You should probably be aware that Richard Haynes on clarinet is neither the clarinet that my grandfather loved in big bands, nor is it the exquisitely untalented clarinet I played in high school. Haynes is a superbly skilled musician and certainly takes clarinet beyond the less-than-cool aura I imbued it with in year 7. The performance includes 4 pieces for solo clarinet (described as fetishes): Breath Control (David Young, 2008), interference (Richard Barrett, 1998 – 2000), the sadness of details (Chris Dench, 2002 – 2003) and Press Release (David Lang, 1991).
We enter the Loft at Chapel Off Chapel, to a space with no seats, only (very comfortable) cushions, and no clear stage area. Haynes opens the night in a school uniform costume for Breath Control. The piece orbits around a single note, distorted and transformed through performative skill (and extended ad infinitum through the wonder of circular breathing). Haynes uses keys and a 64 gallon drum to filter and texture the sound. In interference, Haynes appears as a silhouette on corrugated plastic, naked and bearing a headdress, and singing in a piercing falsettos, stomping on a kick drum and grumbling texturally with a contrabass clarinet. interference feels like a piece played backwards, heavy contrabass clarinet punctuated with Haynes’ strangely incanted notes. In Chris Dench’s the sadness of details, Haynes appears to the audience on a table, clothed in plastic wrap, and adroitly winnows through the piece, showcasing the beautiful tonal extremes of the clarinet – plaintive and piercing upper registers, and wooded and mellow lower registers. The final item, Press Release, has Haynes sitting on a ladder – in workman attire – and puffing hard through a highly percussive and staccato bass clarinet solo.
Fetish is probably a very accurate word to describes the pieces, in relation to the performer and the audience, as the pieces were sometimes very arcane and difficult to access for audience that aren’t highly musically literate or lovers of clarinet. It feels truly like fetishism – exploring the allure of these pieces, regardless of how much others may love or hate them. Breath Control as an opening piece is the perfect example of this – the subtlety of clarinet transforming and orbiting around a single note is not easily appreciated. interference runs along similar lines, particularly with the not often heard contrabass clarinet, and ear-splitting kick drum. Although Hayne’s skill is clear from the outset, for a non-clarinet performer, it’s not until the free-form but melodic the sadness of detail, that Hayne’s adroit playing really connects. Hayne’s complex pieces are augmented by Margaret Cameron’s strong dramaturgical influence. Far from being a simple performance of musical pieces, with audience sitting neatly in rows facing a musician sitting neatly on stage, the space is used fully, and audience are collected in a central gaggle. Between pieces, Hayne’s voice describes what ‘it’s like…’ evoking a broad series of experientiality. I enjoyed the performance, however was acutely aware of having worked to mentally keep pace with the music. Fans of edgy contemporary music, with a good splash of abstract performative elements, will appreciate both Haynes’ bold choices and his exceptional skill with clarinets.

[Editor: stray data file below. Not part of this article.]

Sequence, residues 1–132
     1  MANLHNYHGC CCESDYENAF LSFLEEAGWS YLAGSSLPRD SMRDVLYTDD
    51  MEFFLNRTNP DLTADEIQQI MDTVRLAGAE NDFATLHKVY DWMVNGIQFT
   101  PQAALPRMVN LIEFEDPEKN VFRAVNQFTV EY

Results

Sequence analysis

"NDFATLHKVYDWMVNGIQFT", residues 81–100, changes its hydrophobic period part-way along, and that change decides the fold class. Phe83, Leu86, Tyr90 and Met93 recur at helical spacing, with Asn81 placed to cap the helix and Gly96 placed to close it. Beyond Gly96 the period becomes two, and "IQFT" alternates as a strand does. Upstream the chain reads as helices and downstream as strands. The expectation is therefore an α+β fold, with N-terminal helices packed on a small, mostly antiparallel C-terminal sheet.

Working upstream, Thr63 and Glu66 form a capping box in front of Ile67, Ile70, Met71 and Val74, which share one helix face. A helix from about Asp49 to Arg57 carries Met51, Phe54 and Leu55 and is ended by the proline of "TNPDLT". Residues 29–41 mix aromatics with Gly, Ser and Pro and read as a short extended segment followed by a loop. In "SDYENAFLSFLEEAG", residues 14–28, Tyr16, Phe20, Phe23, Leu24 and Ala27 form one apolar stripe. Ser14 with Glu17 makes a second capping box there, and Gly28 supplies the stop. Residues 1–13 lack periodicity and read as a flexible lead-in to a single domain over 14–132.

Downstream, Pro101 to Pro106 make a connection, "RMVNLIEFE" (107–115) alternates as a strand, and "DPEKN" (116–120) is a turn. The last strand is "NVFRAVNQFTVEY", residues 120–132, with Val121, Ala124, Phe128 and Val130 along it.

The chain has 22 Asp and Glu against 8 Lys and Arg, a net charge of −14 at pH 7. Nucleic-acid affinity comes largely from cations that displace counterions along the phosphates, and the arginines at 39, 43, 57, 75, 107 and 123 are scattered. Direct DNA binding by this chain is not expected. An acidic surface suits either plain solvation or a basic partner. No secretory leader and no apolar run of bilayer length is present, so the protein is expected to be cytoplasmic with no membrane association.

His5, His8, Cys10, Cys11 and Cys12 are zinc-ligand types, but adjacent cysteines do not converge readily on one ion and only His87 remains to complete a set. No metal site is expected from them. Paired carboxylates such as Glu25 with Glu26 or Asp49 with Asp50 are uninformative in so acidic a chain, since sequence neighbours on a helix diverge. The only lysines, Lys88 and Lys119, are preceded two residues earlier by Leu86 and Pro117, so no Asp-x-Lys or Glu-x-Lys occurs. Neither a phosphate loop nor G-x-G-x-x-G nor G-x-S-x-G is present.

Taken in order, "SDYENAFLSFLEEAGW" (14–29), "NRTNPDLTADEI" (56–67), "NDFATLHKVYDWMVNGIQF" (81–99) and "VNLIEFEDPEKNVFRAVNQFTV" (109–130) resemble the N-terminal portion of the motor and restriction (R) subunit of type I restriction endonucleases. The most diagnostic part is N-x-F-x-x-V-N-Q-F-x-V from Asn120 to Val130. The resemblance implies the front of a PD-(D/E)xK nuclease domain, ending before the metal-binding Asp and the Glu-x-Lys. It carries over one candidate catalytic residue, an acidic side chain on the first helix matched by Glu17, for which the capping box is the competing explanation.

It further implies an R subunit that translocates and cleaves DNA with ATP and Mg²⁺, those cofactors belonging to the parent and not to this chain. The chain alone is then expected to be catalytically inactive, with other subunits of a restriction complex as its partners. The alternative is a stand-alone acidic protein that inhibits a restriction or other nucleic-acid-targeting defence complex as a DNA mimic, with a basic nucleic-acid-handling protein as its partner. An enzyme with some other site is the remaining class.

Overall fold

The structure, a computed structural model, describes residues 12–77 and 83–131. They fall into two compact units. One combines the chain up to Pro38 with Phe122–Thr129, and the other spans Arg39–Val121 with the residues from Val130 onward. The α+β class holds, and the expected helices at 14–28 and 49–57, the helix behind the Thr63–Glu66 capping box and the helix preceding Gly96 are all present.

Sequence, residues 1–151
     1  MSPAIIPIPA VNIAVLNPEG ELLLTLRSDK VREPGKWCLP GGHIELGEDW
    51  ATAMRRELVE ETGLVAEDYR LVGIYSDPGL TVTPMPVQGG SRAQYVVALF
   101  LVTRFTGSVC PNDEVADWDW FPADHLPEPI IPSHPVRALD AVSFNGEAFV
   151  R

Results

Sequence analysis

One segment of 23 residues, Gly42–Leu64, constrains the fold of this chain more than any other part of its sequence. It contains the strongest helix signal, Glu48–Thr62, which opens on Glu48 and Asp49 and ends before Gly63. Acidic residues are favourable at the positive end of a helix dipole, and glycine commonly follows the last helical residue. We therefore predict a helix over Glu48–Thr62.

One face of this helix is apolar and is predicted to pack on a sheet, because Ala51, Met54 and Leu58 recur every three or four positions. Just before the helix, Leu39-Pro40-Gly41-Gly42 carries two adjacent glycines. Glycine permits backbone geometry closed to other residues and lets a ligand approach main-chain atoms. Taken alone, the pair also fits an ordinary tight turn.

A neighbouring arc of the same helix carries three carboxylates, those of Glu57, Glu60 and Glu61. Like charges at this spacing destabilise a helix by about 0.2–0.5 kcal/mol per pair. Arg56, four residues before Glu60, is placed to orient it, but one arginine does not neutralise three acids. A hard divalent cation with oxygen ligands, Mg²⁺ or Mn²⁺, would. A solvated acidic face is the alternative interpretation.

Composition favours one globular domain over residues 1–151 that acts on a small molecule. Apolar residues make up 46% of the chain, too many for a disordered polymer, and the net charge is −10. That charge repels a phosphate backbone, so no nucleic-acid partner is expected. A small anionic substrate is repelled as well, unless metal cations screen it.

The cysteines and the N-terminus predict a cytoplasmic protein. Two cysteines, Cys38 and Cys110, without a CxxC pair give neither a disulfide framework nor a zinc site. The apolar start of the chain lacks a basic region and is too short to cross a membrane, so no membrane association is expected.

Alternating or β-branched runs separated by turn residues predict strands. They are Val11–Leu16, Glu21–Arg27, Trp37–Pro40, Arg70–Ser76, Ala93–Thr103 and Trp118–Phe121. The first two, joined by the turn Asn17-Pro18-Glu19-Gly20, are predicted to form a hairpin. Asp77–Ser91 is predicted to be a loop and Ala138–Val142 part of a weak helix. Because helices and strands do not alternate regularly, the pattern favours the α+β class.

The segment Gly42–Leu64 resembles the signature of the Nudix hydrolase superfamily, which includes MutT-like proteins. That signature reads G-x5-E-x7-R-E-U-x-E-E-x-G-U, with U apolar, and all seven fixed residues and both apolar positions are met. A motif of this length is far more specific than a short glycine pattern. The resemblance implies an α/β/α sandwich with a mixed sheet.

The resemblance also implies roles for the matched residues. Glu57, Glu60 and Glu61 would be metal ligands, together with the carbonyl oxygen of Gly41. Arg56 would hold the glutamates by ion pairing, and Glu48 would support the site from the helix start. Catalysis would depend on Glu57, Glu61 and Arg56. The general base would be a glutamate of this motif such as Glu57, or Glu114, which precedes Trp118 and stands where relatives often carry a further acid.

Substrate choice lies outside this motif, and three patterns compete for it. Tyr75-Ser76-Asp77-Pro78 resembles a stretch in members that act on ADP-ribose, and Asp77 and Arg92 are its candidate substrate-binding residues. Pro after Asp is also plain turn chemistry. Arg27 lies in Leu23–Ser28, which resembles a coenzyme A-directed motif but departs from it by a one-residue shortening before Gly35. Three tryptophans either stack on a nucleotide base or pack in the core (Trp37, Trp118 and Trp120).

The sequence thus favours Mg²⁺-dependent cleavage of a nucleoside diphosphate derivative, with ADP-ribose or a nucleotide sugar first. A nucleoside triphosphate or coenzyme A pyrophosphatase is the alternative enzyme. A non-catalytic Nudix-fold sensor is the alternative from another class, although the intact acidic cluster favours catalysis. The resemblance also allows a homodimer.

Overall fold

Listen My Secret Fetish – Four fetishes for solo clarinet. Part of the Midsumma Festival 2008. The Loft, Chapel Off Chapel. Clarinets: Richard Haynes. Dramaturgy: Margaret Cameron. Sound Design: Michael Hewes. Costume Assistant: Aviva Endean.
Originally published on Arts Hub.